Wednesday, January 16, 2013

 

Safety Nets


American Career Institutes, a for-profit higher ed chain that specialized in computer-based career-oriented majors, just closed abruptly.  It had campuses in Maryland and Massachusetts, including one in Springfield, which is HCC’s largest feeder city.  

The non-credit side of the college is taking a look at its offerings to see what it can provide to the students who were stranded.  If there’s a way to “teach out” a program so that they can walk away with something to show for their efforts, that could minimize the damage.

We provide a safety net when experiments fail.  Nobody else does that.  As such, we enable experiments to happen in the first place.  Only the public sector is capable of doing that reliably.

This is the glaring hole in American political discourse.  We talk about risk and safety as if they were somehow mutually exclusive.  We forget that safety can enable risk-taking.

I was reminded of that a few days ago, in a discussion with a Canadian colleague.  We have similar senses of humor, so we got to talking about The Kids In The Hall, SCTV, and national styles of humor.  (For my money, “Brain Candy” is a neglected classic of dark, dark, dark comedy.)  She offered the theory that Canada punches above its weight culturally because its social safety net -- health care most conspicuously -- makes it possible for people to take chances on creative careers.  As a result, they get Holly Cole, and we’re left with Adam Sandler.  

It’s not a perfect theory -- we aren’t exactly saddled with a shortage of actors -- but it does address something I’ve seen before.  I’ve known plenty of people who stick with jobs they don’t particularly like specifically for the benefits, so their spouses could try startups.  Having one spouse ensure that nothing catastrophic happened made it possible for the other one to go out on a limb.  No benefits, no risk-taking.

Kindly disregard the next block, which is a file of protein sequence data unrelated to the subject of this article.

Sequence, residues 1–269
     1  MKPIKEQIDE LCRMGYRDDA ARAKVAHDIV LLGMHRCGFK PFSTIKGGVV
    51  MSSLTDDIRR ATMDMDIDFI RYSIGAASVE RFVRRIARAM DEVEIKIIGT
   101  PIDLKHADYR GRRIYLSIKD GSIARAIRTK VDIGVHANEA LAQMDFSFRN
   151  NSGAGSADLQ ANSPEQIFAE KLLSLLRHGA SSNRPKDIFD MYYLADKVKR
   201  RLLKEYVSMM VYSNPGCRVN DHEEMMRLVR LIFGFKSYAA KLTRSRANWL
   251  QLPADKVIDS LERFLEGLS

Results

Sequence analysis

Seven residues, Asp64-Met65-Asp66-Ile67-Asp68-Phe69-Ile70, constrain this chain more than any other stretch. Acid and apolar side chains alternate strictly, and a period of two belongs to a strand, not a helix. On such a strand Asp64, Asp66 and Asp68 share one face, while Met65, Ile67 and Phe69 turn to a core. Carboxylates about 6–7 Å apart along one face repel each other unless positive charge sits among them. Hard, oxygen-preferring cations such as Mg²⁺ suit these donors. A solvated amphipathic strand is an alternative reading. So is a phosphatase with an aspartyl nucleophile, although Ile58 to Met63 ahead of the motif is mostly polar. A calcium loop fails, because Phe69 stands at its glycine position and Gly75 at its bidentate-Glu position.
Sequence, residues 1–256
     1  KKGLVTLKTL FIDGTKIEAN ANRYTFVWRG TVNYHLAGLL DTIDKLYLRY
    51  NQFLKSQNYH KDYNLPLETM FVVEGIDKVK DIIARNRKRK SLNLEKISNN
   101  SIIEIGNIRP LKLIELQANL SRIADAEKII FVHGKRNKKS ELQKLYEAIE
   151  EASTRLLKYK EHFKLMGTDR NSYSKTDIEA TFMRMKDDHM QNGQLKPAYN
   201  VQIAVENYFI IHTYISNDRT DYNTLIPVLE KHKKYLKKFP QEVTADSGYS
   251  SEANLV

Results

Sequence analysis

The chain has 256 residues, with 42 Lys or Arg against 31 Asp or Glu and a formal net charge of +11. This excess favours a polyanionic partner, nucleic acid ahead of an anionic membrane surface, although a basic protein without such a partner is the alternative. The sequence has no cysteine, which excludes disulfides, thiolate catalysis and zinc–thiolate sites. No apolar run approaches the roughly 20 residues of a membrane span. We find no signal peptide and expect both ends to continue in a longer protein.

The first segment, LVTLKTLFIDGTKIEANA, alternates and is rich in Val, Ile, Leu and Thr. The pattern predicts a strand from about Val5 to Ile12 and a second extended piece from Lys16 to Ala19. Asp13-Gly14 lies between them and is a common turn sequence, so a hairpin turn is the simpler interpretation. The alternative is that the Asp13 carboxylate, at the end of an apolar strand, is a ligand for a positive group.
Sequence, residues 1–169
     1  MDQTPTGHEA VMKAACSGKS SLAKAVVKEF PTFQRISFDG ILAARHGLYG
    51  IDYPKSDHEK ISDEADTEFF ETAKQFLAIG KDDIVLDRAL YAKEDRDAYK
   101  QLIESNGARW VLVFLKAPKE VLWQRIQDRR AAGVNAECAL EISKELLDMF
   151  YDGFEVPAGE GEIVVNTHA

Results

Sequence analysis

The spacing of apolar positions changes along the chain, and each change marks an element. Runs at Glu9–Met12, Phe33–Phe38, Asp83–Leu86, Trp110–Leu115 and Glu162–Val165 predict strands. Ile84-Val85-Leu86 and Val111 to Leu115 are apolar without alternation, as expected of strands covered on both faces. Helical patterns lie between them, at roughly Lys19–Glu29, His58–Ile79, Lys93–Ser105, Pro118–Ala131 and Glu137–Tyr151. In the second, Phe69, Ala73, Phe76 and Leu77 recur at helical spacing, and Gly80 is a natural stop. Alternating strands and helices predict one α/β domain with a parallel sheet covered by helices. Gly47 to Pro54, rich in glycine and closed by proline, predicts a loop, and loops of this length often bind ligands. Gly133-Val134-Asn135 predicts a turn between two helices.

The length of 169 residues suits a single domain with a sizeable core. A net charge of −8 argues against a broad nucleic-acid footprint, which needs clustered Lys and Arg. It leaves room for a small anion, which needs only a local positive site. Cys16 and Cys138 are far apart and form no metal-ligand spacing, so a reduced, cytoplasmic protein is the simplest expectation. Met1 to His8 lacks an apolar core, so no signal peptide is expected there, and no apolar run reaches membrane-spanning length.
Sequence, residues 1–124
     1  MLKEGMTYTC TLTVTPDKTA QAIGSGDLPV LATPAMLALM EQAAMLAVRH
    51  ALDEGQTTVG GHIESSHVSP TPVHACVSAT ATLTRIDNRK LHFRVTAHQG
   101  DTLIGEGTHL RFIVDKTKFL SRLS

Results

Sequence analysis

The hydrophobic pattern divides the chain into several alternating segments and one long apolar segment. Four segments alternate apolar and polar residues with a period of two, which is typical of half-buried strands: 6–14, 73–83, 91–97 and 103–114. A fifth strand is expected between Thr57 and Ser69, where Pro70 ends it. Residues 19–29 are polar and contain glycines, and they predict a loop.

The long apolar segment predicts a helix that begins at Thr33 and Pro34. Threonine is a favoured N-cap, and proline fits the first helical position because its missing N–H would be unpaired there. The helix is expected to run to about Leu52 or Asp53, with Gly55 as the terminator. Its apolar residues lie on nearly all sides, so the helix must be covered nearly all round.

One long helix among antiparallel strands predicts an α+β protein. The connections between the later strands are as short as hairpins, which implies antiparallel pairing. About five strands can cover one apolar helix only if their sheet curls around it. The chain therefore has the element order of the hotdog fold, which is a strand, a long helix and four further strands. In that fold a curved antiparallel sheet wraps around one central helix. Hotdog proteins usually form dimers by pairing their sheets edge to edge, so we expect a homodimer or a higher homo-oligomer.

Yes, there’s such a thing as too much security.  I had to smile at the article earlier this week that showed that college students whose parents pay their entire way get lower grades than students who work at least part-time.  If things are just a little too pat, it can be easy to get distracted.  

But even that security is often illusory.  Life tenure, for example, is only as secure as the institution that offers it.  Pensions are only as secure as the states that guarantee them want them to be.  At some point, risk as a fact of life will assert itself.  It can’t not.

So yes, we’ll help the students stranded by the latest for-profit to fold.  It’s what we do.  It may not be maximally efficient in isolation, but it’s the kind of thing that makes real progress possible.  Sometimes it’s worth connecting those dots explicitly.

Comments:
While I disagree with the specific point about Canada punching above its weight culturally (quick name a great Canadian film that's not "Strange Brew"), I do think that a robust safety net does make entrepreneurial risk taking more likely because people can afford to take the risk of starting a business without having to worry about losing health insurance or other benefits.

I used to have a state government job where this dynamic was apparent: the secretaries in the agency were fairly low paid, but had very good benefits. 3/4 of the secretaries in my officer were married to husbands who had their own small contracting or (vaguely) construction related business. They made much more than their wives made, but had no independent health benefits of their own
 
Same experience as Peter W, but would extend it to spouses of both genders.
 
Swedish friend of mine says that the reason Swedes see capitalism as liberating is because if they don't like their jobs they can quit and start their own company – and they can do this because they don't have to worry about starving or getting sick because of the social safety net.

His view of America was that the ordinary worker with a house and family couldn't afford to quit because their families would suffer too much if they did.
 
Gleemonex. "We kicked penicillin's ASS!" Cancer Boy.

"Brain Candy" is a triumph of cinema.

YES IT IS.
 
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